i forgot about the over flow drain line. good point. if it is not in the skimmer like BH says it could be built into the wall of the pool. it will be a fitting that has a couple of pieces of plastic forming what looks like a grate. it can be a foot below the water surface and then have pipe that runs under the concrete deck and terminates at the height of the desired water level. i have seen it rain so hard that this over flow drain cant come close to keeping up with the rain. mine is at a point that it dumps pool water on the grass and ends up burning it from the chlorine. that is a good idea about plugging it. i might do that and then put a valve on the filter to dump water when its over filled.
Yeah, and if you spend money filling it, you don't want the overflow going to waste. You want it staying in the pool.

Oobie some days you can lose an inch of water - that is a lot, but yeah, and in the winter time if you heat the pool you can see the water vapors leaving the pool too.

Last one in is a rotten egg! CANNON BALL!



Did I getcha?
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Old 08-07-2010, 09:17 AM
 
Location: Sarasota, FL
1,642 posts, read 3,112,987 times
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We have been here since march, and I have topped off the pool four times or so. There is no way on earth you should lose an inch in a day. Sounds like in two months it will be empty.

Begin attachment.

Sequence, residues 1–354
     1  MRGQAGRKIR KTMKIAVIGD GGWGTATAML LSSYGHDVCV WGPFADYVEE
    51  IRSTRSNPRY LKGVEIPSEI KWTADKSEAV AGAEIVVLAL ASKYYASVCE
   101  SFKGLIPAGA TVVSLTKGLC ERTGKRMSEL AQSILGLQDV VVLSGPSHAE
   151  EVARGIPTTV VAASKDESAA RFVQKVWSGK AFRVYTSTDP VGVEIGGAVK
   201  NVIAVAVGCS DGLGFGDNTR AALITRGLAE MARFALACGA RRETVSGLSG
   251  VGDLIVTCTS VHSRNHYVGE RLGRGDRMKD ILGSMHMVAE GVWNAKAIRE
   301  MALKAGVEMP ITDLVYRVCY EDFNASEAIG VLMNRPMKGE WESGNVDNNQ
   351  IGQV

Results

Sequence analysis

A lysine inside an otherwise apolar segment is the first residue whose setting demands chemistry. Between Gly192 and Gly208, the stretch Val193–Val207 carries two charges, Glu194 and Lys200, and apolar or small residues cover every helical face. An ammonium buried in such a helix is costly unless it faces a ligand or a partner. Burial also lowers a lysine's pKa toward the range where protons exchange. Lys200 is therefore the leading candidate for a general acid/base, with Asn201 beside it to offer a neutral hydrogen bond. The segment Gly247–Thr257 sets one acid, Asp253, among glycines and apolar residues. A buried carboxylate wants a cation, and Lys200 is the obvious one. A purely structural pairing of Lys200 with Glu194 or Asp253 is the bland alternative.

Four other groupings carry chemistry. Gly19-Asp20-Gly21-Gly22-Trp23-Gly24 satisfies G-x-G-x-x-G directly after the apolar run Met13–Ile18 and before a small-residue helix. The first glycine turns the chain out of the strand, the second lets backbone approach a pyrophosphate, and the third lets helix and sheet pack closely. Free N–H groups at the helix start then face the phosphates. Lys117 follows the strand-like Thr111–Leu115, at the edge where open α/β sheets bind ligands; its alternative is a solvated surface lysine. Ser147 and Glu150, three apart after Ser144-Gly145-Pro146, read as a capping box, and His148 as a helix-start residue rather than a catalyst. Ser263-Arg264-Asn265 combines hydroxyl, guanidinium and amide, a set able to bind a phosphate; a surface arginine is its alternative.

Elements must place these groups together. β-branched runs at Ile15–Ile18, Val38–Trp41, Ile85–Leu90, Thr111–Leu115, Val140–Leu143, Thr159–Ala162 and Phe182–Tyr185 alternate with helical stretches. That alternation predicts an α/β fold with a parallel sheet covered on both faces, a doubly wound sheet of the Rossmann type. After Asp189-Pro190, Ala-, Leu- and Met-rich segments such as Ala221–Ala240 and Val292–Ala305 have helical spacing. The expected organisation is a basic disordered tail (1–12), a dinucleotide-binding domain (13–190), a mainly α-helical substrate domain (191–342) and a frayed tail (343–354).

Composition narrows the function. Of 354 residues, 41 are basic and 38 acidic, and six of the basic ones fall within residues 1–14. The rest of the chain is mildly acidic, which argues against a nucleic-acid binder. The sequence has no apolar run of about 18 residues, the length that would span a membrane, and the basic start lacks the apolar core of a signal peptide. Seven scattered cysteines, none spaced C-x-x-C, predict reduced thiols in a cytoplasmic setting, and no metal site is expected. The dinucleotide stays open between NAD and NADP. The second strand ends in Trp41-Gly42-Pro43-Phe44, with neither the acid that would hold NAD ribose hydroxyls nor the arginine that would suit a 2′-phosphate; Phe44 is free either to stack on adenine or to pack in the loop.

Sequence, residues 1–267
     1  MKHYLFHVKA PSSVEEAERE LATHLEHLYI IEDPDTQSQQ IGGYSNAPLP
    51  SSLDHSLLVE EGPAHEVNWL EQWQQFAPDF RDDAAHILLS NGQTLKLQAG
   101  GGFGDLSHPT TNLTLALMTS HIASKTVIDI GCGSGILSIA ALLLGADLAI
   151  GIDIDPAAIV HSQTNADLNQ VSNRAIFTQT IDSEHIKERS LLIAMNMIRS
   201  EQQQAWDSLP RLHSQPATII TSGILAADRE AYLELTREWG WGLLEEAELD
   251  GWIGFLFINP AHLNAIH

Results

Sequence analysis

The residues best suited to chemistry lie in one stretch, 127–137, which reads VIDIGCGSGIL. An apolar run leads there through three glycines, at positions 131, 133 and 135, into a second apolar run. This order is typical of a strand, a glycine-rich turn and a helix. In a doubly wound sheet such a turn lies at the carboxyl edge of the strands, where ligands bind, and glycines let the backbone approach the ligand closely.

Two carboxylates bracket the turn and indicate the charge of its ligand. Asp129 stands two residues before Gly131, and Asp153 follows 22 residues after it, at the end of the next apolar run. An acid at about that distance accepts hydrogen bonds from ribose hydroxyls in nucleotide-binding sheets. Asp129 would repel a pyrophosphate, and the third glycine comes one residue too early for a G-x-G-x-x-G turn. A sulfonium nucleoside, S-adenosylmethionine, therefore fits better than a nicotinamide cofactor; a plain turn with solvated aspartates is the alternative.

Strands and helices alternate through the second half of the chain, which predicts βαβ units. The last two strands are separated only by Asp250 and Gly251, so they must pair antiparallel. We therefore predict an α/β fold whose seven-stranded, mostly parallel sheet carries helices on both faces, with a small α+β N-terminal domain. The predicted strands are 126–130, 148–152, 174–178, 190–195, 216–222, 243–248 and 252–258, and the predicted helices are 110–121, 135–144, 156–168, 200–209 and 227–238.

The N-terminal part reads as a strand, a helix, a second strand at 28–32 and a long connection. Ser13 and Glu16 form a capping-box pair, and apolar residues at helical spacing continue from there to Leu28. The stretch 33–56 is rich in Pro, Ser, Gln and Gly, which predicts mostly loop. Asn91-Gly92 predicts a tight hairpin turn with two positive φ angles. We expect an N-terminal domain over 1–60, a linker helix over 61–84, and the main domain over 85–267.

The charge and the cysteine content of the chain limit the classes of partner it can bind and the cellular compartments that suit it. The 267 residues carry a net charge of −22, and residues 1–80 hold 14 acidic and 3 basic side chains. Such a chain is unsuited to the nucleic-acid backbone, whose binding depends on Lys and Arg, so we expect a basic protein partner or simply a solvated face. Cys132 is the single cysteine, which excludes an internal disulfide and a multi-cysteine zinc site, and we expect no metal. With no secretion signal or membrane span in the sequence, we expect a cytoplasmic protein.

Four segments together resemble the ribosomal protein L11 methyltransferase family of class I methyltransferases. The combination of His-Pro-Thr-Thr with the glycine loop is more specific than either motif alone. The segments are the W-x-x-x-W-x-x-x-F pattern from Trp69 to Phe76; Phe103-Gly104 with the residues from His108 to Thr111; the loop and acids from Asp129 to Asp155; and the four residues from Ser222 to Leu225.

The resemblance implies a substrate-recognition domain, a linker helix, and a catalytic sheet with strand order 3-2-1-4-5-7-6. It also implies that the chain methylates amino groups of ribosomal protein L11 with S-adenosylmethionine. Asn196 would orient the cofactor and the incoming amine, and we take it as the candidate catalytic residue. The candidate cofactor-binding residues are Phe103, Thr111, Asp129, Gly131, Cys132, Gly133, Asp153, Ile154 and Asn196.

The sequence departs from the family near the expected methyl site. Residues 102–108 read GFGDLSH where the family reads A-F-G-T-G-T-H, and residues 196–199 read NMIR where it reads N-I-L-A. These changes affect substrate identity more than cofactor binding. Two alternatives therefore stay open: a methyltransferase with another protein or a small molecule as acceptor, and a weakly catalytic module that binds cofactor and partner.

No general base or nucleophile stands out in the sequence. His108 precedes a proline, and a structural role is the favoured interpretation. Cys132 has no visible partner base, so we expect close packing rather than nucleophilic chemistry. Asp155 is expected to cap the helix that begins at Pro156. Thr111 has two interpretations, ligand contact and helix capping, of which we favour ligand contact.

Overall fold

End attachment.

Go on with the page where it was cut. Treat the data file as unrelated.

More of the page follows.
Wait til your pool guy comes back and point it out to him. He ought to be able to intelligently comment on the situation.

He is a "pool guy," after all.
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Old 08-07-2010, 11:01 AM
 
Location: Punta Gorda and Maryland
6,103 posts, read 14,079,168 times
Reputation: 1241
Quote:
Originally Posted by Rushmore View Post
We have been here since march, and I have topped off the pool four times or so. There is no way on earth you should lose an inch in a day. Sounds like in two months it will be empty.

Wait til your pool guy comes back and point it out to him. He ought to be able to intelligently comment on the situation.

He is a "pool guy," after all.
Don't worry, you two will have lots of splashing kids, and Uncle Big House will teach 'em how to do unbelievable cannon balls, and you'll be filling the pool all day long! Oh, and by the end of the month, the pool will be completely empty!
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Old 08-07-2010, 07:59 PM
 
Location: Sarasota
477 posts, read 923,117 times
Reputation: 120
We have four kids (five including my husband) doing huge amounts of cannon balls daily. We haven't noticed anything and the pool guy hasn't mentioned anything. It's pretty much in the sun until early evening. I'll have to ask our pool guy when he is here next...